Under certain circumstances it is possible for them to be admitted, under a Compulsory Treatment Order, without their consent. The exact circumstances will vary from person to person, but in general, a person is admitted compulsorily for their own health or safety or for the protection of others. These circumstances must be due to a mental illness that can be treated in Te Puna Waiora.

There are a number of legal requirements setting out the circumstances in which a person can be a compulsory or involuntary patient under a Compulsory Treatment Order. These will be explained to the person and their family/whanau on admission and during the course of their hospital treatment.

Compulsory Treatment Orders

Understanding Compulsory Treatment

Legislation exists to provide compulsory treatment and admit a client involuntarily in certain situations.

The Mental Health Act allows a Compulsory Treatment Order to be invoked if a client poses a serious risk to themselves or others, or is unable to adequately take care of him or herself.

Legislation requires that Assessment and Treatment under the Mental Health Act takes place in the least restrictive possible manner. The majority of compulsory patients are resident in the community.

If clients would like to know more about the process, they can feel free to ask at reception for a Duly Authorised Officer to contact you.

Each region has a District Inspector, who must be a qualified lawyer appointed by the Ministry of Health and independent of the hospital. The role of the District Inspector is to ensure that consumer rights are fully observed and the legislation is applied in an appropriate manner.

Our District Inspector is Murray Cochrane.

Please feel free to call him with any concerns, 06 758 6049.

Family Accommodation

Family members or a support person can make a request to stay at Whaiora on the Hospital premises. Please ask at reception, how you can arrange this.

Whanau Room

A Whanau room is available for Tangata Whaiora/Service Users and their Whanau/Family. This room can be used for Family/Whanau meetings, or for private space for visiting.

Everybody is welcome to access this room by arrangement with in visiting hours. Please ask a nurse.

Chaplaincy Service

The hospital chaplain visits the ward twice a week or on request. To speak to the Chaplain contact: Rev. Robert Anderson Tel: 06 753 6139.

Clinical Meetings

Whilst an inpatient, a client's treatment plan is reviewed by the Mental Health Team at regular, multidisciplinary meetings.

The team will consist of any or all of the following:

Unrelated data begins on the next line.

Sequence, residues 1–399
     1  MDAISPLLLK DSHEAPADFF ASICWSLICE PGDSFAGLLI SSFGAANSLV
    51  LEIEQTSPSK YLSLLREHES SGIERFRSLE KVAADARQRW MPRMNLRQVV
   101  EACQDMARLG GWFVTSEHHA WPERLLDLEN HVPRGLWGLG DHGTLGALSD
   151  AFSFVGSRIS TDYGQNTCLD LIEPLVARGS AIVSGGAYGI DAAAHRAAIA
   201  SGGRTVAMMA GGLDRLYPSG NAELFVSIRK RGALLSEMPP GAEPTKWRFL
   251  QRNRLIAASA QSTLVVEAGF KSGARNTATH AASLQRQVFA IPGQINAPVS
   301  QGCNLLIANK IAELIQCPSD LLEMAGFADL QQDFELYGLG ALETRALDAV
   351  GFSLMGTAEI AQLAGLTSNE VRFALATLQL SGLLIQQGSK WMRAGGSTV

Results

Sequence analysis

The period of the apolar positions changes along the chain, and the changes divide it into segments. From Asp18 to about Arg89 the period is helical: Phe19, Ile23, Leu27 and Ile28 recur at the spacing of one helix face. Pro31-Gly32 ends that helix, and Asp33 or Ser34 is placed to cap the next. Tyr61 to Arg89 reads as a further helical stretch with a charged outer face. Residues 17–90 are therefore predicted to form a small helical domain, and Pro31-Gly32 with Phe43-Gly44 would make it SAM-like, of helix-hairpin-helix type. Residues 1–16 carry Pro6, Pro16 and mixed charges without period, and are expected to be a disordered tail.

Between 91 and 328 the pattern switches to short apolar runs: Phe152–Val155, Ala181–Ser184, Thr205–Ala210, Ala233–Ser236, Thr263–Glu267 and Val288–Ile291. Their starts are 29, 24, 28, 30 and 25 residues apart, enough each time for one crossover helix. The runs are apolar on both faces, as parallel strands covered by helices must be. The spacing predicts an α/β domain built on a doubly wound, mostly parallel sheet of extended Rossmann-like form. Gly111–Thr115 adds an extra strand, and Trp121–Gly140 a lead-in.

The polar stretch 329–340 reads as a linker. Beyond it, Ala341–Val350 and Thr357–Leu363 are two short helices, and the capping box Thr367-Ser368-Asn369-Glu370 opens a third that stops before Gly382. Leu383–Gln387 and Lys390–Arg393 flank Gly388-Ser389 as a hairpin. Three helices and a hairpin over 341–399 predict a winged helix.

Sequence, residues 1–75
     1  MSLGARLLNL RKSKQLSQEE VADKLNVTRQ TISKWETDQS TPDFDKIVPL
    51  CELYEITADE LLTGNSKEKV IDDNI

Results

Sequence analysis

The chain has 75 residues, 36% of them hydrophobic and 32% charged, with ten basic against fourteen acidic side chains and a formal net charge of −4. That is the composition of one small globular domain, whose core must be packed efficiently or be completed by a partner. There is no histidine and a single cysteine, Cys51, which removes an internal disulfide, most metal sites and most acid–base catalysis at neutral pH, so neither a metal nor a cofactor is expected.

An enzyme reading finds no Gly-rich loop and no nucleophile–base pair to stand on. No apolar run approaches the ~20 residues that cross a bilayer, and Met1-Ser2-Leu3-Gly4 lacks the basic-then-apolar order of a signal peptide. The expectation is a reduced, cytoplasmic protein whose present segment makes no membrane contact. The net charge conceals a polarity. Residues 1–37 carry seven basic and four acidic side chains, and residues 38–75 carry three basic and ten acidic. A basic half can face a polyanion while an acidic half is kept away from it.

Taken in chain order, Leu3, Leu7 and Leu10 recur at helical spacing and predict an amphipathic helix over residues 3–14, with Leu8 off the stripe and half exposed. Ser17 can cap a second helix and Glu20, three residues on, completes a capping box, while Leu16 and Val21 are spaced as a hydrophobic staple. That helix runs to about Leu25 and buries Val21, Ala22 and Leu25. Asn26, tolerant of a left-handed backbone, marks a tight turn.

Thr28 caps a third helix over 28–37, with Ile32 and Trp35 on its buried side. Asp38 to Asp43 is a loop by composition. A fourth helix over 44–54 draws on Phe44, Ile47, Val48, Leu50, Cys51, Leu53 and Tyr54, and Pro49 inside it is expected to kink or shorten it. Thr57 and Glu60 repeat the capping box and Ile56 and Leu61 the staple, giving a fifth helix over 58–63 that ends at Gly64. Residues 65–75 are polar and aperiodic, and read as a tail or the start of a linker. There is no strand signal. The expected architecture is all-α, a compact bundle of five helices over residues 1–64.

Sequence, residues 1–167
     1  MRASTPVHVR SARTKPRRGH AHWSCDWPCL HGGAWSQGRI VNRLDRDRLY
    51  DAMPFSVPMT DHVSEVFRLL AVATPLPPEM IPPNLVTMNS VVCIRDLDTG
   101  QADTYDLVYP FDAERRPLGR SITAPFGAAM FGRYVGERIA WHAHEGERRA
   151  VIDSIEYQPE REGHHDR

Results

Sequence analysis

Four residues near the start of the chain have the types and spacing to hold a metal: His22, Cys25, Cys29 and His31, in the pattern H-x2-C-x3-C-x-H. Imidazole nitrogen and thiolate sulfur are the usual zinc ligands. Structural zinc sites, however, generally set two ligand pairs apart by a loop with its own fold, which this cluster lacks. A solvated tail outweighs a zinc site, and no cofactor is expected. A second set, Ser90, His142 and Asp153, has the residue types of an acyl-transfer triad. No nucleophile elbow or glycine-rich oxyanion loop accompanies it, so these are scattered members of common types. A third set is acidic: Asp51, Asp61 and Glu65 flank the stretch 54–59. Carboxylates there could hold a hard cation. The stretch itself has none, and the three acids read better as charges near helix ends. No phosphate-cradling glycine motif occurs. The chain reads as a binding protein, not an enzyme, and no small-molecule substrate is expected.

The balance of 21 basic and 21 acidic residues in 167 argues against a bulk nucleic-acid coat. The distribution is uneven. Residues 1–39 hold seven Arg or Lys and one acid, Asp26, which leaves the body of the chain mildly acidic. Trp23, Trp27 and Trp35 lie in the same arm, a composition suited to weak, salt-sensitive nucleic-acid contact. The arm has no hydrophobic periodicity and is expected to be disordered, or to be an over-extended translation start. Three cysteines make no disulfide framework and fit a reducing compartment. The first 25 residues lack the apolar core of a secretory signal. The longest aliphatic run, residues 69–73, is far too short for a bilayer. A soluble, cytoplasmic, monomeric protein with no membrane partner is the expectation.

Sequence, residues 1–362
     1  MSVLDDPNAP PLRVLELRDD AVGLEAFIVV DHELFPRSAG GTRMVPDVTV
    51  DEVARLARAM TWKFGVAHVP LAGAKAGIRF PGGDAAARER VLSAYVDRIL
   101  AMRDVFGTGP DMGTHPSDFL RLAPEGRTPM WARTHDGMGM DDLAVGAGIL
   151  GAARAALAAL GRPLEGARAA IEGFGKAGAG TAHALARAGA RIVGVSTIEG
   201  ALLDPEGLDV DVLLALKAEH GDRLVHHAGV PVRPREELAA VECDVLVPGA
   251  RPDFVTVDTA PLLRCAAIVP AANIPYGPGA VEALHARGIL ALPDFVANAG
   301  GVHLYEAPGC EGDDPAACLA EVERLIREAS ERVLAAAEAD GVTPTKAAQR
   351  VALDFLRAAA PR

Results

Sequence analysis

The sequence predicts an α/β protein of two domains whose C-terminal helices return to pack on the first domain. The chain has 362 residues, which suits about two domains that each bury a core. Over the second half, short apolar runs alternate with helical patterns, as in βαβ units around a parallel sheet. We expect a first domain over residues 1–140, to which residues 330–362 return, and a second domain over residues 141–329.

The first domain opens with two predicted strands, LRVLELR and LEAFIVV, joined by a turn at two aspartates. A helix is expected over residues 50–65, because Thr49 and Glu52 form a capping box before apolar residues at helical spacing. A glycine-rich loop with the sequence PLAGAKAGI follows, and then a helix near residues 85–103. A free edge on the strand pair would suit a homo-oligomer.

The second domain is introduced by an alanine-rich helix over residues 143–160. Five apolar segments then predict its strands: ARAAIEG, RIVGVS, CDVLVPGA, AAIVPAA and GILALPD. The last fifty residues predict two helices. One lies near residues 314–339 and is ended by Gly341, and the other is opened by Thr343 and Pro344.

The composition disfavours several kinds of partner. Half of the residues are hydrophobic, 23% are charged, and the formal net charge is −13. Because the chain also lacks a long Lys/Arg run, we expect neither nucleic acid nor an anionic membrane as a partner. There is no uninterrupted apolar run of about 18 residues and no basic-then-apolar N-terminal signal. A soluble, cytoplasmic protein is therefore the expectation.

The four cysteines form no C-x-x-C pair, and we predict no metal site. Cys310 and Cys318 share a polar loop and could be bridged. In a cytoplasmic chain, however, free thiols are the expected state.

Medical officer
House surgeon
Inpatient nursing staff
Community nursing staff
Social workers
Occupational therapist
Alcohol and drug counsellor
Maori mental health workers
Consumer/Tangata Whaiora Advisor
Family/Whanau Advisor

Family/Whanau meetings

If there are concerns around a client's recovery or major changes to care plans, then the team may call a family/whanau meeting.

If the family has any concerns they may also request that a meeting be held. This usually includes the client, and people directly involved in their care, family and support people. This meeting is a good opportunity to discuss any issues or questions that may arise with the team and make sure that the needs of both the client and the family are met by the service.


All service users have the right to access a lawyer; sometimes they may need assistance to do this. A list of lawyers is available; please ask at the nurses' station.

Family/Whanau Advisor

A Family/Whanau Advisor is employed within the Mental Health Service to assist family and support people with any concerns or information that may be required.

The Family/Whanau Advisor makes sure that family issues are raised at the highest possible level and that family input into the services is recognised. She is also responsible for the training of staff as regards the needs of the family.

Jim Dickinson - 06 753 6139

Consumer/Tangata Whaiora Advisor

The Consumer Advisor has input into the Mental Health Service at every level and makes sure that the consumer voice is heard.

The Consumer Advisor provides systemic advocacy for service users and makes sure that the service delivered best reflects strength based and recovery models, and that service users are able to actively participate in their own treatment and support.

Sarah Gillington is available Monday - Friday 8.30 - 4.30

Tel:      06 753 7777 ext 8550
Fax:     06 753 7796


Planning for discharge will be continuous during a clients stay. Wherever possible, Family/Whanau will be involved in this process.

On discharge client's will be given a copy of the discharge summary and a copy of their relapse prevention plan. With the clients consent, Family/Whanau can request a copy of this plan. The plan will include people the client can contact from within the service if they have any concerns.

Support Groups

Supporting Families in Mental Illness, (S.F.) is an organisation set up to support Family/Whanau in Mental Illness. The Organisations Mission is to promote the best quality of life for people with Mental Illness and their family/whanau.

SF Taranaki

Manager - Justin Clinton-Gohdes
Field Worker - Taranaki - Gareth Andrewes, Holly Smith
SPHC - Nika Booker
128 Devon Street East, New Plymouth
Tel: (06) 757 9300

Like Minds Taranaki gratefully acknowledges the financial support of this website by the Ministry of Health
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Taranaki Mental Health Sector